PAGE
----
The Afterglow of Reunion

Warren Lincoln High School Class of 1967 50-Year Reunion Planners
Iris Underwood, Marty Halaas, Marilyn Haley, Sue Bendert
On this quiet, sunny Sabbath, my husband and I sat under our patio umbrella with a plateful of leftover potato salad and watermelon. Our conversation drifted to Stony Creek Metro Park, my 50th high school class reunion the previous Friday.
          No picnic is complete without Mom’s legendary comfort food, so I had seasoned a double portion of potatoes, onions, celery, and hard-boiled eggs with sincerity, just in case thirty classmates and spouses showed up.
          “After all these years, I had no idea what to expect,” I said to Mel.
          In 1992, he chose not to join me for my twenty-fifth Lincoln High reunion. It seems like yesterday, yet a lifetime. Back then, there was still hope for our firstborn’s deliverance from addiction. Our house sheltered two active teenaged daughters who dreamed of their independence. I dreamed of grandchildren. My parents and parents-in-law dreamed of great-grandchildren.
          “I wasn’t much different from my classmates then, ” I said. “We were all fairly fit, no gray hair, and self-conscious.”
          He smiled.
          “And I’m not much different from them today. I’ve put on some pounds, my hair’s grey, and I don’t care.”
          Gentle on our minds, we recalled the fine day and laughter under the park's pavilion. Marty, our reunion planner, grilled hamburgers and hotdogs for more than sixty graduates, dropouts, and their spouses. After burning social media’s circuits since January to track down our graduating class of 1967, flipping burgers was Marty’s ultimate reward.
           “Hey, I’m retired and can do what I want,” he said.
People echoed this mantra throughout the picnic in conclusion to mingled memories, family updates (particularly grandchildren count), and travel plans. Most of us are empty nesters and have buried parents, siblings, and children—not much remains to tie us down.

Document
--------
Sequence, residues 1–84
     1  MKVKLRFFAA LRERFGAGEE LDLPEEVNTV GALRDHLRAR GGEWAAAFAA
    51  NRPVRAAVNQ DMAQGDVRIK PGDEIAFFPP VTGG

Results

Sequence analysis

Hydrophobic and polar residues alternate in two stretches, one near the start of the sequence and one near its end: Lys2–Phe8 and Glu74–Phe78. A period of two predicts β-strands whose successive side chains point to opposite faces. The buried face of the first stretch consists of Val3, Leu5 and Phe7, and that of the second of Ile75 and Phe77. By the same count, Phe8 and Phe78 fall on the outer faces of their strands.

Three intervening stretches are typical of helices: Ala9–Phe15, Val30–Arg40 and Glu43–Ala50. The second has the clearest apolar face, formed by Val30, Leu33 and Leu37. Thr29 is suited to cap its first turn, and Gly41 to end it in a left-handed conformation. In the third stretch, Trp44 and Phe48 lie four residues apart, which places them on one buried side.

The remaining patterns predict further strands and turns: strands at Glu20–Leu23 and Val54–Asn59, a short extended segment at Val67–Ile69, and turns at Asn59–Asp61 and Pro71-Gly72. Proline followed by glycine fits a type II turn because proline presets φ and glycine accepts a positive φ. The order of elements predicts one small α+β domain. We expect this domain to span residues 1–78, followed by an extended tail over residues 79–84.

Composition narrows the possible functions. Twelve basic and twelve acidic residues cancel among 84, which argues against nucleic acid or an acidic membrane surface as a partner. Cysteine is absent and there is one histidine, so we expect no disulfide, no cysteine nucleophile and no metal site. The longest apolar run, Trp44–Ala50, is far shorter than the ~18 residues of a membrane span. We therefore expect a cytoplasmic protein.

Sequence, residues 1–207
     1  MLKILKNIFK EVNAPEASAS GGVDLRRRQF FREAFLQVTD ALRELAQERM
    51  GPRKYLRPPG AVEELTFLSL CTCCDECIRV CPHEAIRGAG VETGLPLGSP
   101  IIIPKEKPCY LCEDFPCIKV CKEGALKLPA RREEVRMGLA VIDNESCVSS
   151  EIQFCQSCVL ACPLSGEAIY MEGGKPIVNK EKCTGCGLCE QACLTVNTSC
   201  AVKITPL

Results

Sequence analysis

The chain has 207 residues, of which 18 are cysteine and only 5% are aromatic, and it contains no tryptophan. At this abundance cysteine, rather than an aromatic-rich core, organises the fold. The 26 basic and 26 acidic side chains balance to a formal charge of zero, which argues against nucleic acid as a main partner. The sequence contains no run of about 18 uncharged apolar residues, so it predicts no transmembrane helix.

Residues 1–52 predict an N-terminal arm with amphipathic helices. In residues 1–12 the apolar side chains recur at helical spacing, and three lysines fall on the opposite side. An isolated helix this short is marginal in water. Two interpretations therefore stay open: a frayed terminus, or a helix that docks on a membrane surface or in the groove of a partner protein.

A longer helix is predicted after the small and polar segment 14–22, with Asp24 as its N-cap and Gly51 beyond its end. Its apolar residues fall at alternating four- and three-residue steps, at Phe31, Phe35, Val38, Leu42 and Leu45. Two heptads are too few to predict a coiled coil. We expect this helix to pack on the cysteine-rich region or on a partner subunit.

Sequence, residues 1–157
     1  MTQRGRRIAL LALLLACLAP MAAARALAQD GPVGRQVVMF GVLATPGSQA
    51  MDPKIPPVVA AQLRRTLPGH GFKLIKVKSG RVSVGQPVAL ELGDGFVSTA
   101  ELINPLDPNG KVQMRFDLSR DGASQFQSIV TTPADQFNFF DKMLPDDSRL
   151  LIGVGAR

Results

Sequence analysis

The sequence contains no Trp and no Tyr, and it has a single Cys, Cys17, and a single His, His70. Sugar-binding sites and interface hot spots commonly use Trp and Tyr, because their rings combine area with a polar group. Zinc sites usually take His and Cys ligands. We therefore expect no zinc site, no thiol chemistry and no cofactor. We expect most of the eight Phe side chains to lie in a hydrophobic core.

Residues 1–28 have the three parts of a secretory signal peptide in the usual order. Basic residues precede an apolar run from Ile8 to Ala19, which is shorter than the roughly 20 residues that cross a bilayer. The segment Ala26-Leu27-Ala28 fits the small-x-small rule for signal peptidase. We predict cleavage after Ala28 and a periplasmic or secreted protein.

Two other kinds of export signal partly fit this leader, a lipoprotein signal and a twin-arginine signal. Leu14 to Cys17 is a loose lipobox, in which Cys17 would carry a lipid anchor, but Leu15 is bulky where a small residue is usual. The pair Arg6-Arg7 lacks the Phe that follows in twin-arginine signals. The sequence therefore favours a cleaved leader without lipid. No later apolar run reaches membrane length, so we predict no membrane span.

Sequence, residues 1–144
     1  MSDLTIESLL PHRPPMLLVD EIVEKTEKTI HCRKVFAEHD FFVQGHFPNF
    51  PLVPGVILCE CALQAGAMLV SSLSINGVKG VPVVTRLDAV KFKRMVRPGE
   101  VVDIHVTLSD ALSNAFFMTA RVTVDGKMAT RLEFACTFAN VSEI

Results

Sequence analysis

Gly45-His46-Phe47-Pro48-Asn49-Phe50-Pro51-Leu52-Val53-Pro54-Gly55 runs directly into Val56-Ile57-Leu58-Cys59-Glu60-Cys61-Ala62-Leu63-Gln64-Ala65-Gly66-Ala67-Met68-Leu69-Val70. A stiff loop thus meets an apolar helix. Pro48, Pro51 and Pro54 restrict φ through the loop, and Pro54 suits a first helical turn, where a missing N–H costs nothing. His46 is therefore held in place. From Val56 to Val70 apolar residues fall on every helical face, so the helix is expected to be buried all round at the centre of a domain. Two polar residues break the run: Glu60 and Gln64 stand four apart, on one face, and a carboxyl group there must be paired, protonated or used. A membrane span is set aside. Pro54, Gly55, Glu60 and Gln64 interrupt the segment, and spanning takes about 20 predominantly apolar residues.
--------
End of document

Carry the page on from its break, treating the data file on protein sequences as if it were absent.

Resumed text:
Al, my senior year boyfriend who I hadn’t seen in fifty years, invited us to visit him and his wife in Cheboygan. She smiled and nodded. Their hospitality caught us off guard.
Since Marty forwarded me the list of paid classmates to write nametags, I knew two weeks ago that Al and his wife had paid for the reunion dinner Saturday night. They didn’t note their attendance for the Friday picnic, however.
In the afterglow of sweet reunion in our backyard, Mel asked, “You didn’t know Al served in Viet Nam?”
“No. I heard nothing from or about him all these years. That’s why I was thankful to see him. His family was good to me when I needed them most.”
“So you didn’t know he lost a leg to agent orange several years ago?”
“No. I was shocked to see the prosthesis.”
Dear Reader, as the afternoon warmed to an ideal eighty degrees, we absorbed the nutrition of human fellowship and God’s faithfulness. We talked about Patrick, the younger brother Al lost to lung cancer—a common grief he and Mel share.
 Mel then suggested we stay the night at Presque Isle Lodge sometime in August and drive to Cheboygan in the morning.
“Good idea,” I said. “You’re retired now. Let’s do what you want.”